Rioja is one of the most changed global wine regions with increased emphasis on terroir, altitude, elegance… and white wines. The latest producer to introduce a major new white wine is top-end producer Bodegas Roda which unveiled its Roda 1 Blanco at an exclusive trade lunch. The reds were showing magnificently, particularly the Roda 1 2007, but for Justin Keay it was the Roda 1 Blanco that stole the show.
“But the big revelation here was the white wine, which I had left in glass over the course of the tasting. After an hour, it had completely changed character – from very good to even better,” writes Keay about the Roda 1 Blanco.
These days you hear a lot about the ‘new Rioja’: how the region and its wines have changed and are now longer all about oak; how terroir and altitude are increasingly key; how elegance is favoured over power; how winemakers are turning to Graciano and Garnacha to blend into their Tempranillo-dominant wines, and how white wines are becoming an increasingly important part of the equation.
On these grounds Bodegas Roda, a producer founded in Haro in 1987 but which has become famous since 2006 for its high end flagship wines Roda 1 and Cirsion, is textbook new Rioja… but with quite a few differences that make it stand apart from other quality producers here.
By local standards Roda is a medium-sized, sustainable estate with around 400,000 bottles produced at its new state-of-the-art winery (fully renovated three years ago, enabling individual vineyard vinification and winemaking with minimum intervention), where alongside its flagship wines made with grapes grown on 30 year old bush wines, it makes Roda Sella and Roda Reserva. A firm commitment to consistency, coupled with recognition of climactic and other conditions, and very low yields, reflects a core underlying winemaking philosophy.
Talking of Roda 1, sales director Victor Charcan says:
“The core of the wine is always dark fruit, plums, black cherry and liquorice – but we always want the vintage to shine.”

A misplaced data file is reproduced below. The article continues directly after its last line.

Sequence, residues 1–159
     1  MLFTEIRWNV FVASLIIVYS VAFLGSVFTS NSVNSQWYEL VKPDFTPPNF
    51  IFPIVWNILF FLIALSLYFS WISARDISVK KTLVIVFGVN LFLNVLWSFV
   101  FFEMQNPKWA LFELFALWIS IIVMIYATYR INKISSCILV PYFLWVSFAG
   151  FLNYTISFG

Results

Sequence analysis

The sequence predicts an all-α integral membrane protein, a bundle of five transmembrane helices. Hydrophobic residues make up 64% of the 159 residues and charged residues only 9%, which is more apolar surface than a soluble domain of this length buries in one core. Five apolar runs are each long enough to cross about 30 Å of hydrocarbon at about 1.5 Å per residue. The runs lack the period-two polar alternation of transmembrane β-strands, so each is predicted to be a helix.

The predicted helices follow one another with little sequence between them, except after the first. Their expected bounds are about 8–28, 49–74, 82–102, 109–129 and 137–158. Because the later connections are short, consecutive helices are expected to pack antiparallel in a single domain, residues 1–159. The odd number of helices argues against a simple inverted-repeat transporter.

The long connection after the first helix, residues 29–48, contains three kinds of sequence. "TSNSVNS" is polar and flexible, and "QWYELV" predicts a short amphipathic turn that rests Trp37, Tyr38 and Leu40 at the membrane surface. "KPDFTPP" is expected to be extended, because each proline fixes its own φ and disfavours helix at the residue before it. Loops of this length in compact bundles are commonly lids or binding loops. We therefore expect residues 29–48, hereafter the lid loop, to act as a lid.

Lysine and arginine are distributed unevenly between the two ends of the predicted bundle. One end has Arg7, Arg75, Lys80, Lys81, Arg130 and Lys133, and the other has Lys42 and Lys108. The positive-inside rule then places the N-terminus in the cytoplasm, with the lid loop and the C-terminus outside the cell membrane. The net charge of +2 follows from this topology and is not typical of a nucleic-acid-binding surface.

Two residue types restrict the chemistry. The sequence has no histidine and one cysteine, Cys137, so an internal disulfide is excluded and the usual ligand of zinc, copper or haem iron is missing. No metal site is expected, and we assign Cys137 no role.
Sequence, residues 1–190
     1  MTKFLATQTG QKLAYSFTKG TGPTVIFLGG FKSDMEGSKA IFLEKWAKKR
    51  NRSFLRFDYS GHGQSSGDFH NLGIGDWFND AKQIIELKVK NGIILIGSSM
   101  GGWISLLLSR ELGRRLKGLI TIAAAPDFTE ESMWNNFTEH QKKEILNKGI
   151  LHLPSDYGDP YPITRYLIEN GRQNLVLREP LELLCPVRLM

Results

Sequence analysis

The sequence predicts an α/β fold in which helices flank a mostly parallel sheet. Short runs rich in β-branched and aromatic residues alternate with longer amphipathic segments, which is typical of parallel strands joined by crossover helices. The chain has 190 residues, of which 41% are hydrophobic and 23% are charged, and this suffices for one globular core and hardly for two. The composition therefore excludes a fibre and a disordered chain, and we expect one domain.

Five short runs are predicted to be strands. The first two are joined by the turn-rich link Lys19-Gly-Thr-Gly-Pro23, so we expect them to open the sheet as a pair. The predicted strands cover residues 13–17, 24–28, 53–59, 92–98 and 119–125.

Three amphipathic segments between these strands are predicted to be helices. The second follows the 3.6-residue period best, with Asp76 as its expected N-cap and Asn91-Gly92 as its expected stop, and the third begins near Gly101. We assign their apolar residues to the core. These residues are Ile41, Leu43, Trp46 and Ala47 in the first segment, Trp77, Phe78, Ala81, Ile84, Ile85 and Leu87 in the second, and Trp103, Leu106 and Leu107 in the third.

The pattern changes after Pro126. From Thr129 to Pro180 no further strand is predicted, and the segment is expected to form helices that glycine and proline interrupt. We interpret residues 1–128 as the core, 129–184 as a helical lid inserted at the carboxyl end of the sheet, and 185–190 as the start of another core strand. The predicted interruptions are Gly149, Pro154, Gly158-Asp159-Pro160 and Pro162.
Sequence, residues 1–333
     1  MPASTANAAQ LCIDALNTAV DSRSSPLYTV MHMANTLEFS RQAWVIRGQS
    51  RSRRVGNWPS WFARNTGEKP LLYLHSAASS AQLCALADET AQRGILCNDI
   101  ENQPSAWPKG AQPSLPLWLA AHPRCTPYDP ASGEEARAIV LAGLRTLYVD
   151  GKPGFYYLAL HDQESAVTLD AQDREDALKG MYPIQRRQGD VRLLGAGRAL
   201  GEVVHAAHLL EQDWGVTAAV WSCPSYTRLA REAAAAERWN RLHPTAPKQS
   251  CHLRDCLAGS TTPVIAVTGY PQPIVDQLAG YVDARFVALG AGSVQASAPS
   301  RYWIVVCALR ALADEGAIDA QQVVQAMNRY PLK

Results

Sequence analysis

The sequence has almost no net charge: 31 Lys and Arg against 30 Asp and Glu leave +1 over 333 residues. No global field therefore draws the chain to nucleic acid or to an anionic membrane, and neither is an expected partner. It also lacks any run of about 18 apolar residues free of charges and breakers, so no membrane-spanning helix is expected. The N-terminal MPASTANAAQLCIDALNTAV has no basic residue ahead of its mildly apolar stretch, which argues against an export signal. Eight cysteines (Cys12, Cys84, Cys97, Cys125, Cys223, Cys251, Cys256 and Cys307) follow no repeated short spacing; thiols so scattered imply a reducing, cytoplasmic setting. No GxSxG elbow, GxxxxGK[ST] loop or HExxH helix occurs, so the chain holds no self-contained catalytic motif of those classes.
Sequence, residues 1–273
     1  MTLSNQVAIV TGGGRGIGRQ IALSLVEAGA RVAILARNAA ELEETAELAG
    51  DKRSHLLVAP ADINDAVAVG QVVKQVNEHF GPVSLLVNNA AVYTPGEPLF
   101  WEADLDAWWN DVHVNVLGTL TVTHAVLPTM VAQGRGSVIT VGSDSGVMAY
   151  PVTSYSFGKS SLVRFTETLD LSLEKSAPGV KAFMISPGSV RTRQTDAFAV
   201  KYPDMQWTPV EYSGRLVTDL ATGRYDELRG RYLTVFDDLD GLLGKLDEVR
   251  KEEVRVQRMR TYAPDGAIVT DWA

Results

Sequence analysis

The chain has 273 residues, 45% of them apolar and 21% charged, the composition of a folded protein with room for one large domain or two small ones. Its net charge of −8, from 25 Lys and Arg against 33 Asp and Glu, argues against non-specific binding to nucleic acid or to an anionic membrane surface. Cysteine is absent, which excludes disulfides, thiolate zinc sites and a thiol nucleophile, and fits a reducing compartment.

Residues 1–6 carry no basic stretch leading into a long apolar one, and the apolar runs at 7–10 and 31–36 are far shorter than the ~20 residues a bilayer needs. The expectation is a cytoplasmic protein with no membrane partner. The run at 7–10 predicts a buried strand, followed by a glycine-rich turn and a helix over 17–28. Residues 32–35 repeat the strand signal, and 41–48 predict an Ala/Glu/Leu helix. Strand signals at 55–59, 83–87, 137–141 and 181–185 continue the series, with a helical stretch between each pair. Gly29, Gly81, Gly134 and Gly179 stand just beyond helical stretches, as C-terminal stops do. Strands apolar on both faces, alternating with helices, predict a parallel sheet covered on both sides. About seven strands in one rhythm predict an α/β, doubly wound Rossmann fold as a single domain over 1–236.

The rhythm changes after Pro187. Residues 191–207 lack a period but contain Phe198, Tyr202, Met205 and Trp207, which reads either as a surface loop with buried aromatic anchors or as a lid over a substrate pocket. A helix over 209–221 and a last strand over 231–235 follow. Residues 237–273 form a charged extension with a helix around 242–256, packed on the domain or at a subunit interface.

To demonstrate just how it does, Charcan and Roda’s director general Agustin Santolaya showed a range of Roda’s top wines in London’s West End. The wines included the (just-about-to-be-released) Roda 1 2017, Roda 1 2007, and Roda 1 2004; two wines from Roda’s Ribera del Duero operation, Corimbo 1 2016 and 2015, and two vintages (2019 and 2007) of Roda’s mega-scarce highest end wine, Cirsion.
Tasting the new Roda 1 Blanco
But first off, something of a wonder: the winery’s just released Roda 1 Blanco 2019, its first ever white made with fruit taken from different plots around Haro, many from old vines growing on the “sandstone soils that we love,” says Santolaya.
“We wanted a new type of wine, a food wine rather than a fresh tropical white, not made in the oxidative style but with freshness and acidity and some good ageing potential – that’s why we’re showing it now, as we go into autumn,” he continued.
Aged in two types of French oak for 18 months and then in bottle, Roda 1 Blanco 2019 took three years from harvest to bottle. This was a delicious, highly textured medium weight wine on first tasting, with great balance (90% Viura, and 10% each Malvasia Blanco and Garnacha Blanca) moderate acidity, with clear notes of quince and pineapple on the palate.
And so onto the reds
So onto Roda 1 2017, from what Santolaya and Chancan admit was a very different year to 2019: after some late April frosts, it was very hot and dry, leading to a record early harvest (Sept 4 though this year’s harvest on Sept 6 ran that a close second). As with other Roda 1 vintages, the wine comes from grapes grown in 14 different Tempranillo plots, is a multi-plot blend of predominately Tempranillo with some Graciano and Garnacha and a 14.5% abv you don’t really taste, because of the balance and elegance. There’s lots of dark berry fruit here, great concentration and nice firm tannins – though of course, it’s still very young.